SIX Swiss Exchange – April 1
The dust is finally settling at Clariant, and shareholders may not recognise they see. After the company’s planned merger with Huntsman Corporation was abandoned in October 2017, plans were announced for the Saudi Basic Industries Corporation to buy out several dissident shareholders and take a 24.99% stake. Regulatory approvals went through in September 2018, and SABIC entered a governance agreement that gave it one-third of an expanded 12-person Clariant board. Yet at a subsequent shareholder meeting in October, SABIC nominees Alissa, MacLean, Merszei, and Nahas received the support of only 66.98%, 78.92%, 81.93%, and 81.43% of votes cast, respectively. Despite a notable level of free float opposition, the board has not responded, and the nominations committee failed to meet between the October meeting and the fiscal year end.
On the remuneration front, the company is revising its incentive structure, which requires approval of a bundled series of article amendments. Most of the proposed amendments are intended to remove obsolete references and provide additional flexibility, and appear broadly positive; however shareholders may take issue with proposed change of control provisions, which would broaden the scope of the board’s discretion and allow for the payout of awards over and above pro-rata entitlements in the event of a change of control.
Nasdaq Stockholm – March 28
Swedbank’s AGM comes just over a month after Swedish public television broadcaster SVT aired a report on their investigation into the company’s business in the Baltic region. The report alleges that transactions of US$5.8 billion were made between suspicious accounts at the Swedbank and Danske Bank, with 50 customers in the Baltic region showing several risk factors that indicated possible money laundering activity. Following the broadcast of the report, the company announced on February 21, 2019 that it had appointed Ernst & Young to conduct an investigation into SVT’s allegations—but quickly replaced them with Forensic Risk Alliance due to E&Y’s involvement in the related Danske Bank money laundering scandal.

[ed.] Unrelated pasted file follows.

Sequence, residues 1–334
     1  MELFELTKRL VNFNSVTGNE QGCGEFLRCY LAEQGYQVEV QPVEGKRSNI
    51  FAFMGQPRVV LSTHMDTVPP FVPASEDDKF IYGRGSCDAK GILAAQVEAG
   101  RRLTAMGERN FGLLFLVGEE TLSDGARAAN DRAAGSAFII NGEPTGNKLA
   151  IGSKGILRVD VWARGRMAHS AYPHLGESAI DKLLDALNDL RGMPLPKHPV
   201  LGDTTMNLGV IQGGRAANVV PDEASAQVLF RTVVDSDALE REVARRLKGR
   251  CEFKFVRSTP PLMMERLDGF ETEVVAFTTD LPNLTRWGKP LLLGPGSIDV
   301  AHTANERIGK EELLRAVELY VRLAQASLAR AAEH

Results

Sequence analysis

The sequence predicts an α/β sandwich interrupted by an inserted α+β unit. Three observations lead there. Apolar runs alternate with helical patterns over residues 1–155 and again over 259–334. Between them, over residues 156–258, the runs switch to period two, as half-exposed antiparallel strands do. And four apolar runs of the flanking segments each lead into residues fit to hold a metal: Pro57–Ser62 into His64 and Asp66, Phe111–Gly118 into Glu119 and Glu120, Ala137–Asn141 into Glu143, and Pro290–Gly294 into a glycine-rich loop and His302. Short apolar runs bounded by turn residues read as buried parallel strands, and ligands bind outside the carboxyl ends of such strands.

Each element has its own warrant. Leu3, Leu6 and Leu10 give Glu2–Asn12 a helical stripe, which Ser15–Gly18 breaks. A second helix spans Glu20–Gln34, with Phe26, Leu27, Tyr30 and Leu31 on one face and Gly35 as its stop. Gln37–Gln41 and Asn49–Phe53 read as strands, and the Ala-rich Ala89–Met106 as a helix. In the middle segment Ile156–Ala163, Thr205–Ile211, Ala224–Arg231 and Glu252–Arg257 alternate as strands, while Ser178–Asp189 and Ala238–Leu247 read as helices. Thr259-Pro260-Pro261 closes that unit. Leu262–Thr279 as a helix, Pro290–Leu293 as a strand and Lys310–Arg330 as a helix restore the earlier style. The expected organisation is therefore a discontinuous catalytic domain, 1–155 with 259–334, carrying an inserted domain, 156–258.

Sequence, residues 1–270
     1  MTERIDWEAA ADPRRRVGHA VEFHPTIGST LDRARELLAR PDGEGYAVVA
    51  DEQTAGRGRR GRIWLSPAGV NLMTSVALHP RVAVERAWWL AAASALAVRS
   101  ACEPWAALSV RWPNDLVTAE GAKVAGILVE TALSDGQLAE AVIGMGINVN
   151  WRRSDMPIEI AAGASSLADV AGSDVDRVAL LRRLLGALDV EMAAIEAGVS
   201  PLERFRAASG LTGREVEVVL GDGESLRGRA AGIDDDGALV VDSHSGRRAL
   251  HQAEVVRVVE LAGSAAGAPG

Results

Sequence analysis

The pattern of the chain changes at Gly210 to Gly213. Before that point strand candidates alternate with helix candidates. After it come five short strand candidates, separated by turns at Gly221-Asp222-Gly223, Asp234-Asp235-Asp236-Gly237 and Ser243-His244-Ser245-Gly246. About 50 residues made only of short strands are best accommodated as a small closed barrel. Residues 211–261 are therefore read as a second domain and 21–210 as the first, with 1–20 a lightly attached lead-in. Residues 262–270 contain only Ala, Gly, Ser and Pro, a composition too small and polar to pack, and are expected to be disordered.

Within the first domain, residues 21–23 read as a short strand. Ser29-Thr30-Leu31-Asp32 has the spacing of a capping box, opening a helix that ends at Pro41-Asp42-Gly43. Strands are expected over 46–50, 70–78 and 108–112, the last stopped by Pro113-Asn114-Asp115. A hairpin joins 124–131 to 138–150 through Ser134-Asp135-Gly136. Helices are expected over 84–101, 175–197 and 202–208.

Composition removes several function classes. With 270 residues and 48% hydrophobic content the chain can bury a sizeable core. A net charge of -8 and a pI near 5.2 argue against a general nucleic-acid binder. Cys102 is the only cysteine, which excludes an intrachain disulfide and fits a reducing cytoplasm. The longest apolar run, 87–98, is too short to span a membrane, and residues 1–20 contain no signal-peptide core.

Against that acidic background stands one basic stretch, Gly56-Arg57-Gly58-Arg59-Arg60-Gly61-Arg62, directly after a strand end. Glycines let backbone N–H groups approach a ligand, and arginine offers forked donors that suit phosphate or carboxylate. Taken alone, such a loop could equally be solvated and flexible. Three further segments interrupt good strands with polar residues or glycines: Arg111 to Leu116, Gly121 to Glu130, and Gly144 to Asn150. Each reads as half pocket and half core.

The company is also appointing PricewaterhouseCoopers as its independent auditor, replacing Deloitte, who had been in the role for 24 years. However shareholders may take issue with the length of the term: PwC has been submitted for a four-year appointment, meaning that if they’re appointed there won’t be another vote on auditor appointment until 2023.
Nasdaq Stockholm – March 29
Long-term shareholders are likely familiar with the severity of allegations regarding Lundin Petroleum’s complicity in war crimes and crimes against humanity. In June 2010, the Swedish International Public Prosecution Office commenced an investigation into alleged violations of international humanitarian law in Sudan during 1997–2003. Lundin had cooperated with the prosecutor’s office by providing information regarding its operations in Sudan during the relevant time period, but denied all allegations of wrongdoing.
The investigation came to a head in October 2018, when the prosecutor’s office requested that both board chair Ian Lundin and CEO Alex Schneiter be indicted and face a court trial over their alleged complicity in the war crimes. Investors have already reacted; the upcoming AGM agenda includes four shareholder proposals calling for major board changes, including two resolutions specifically targeting the chair and CEO, and two broader resolutions that would replace the entire board, and senior management.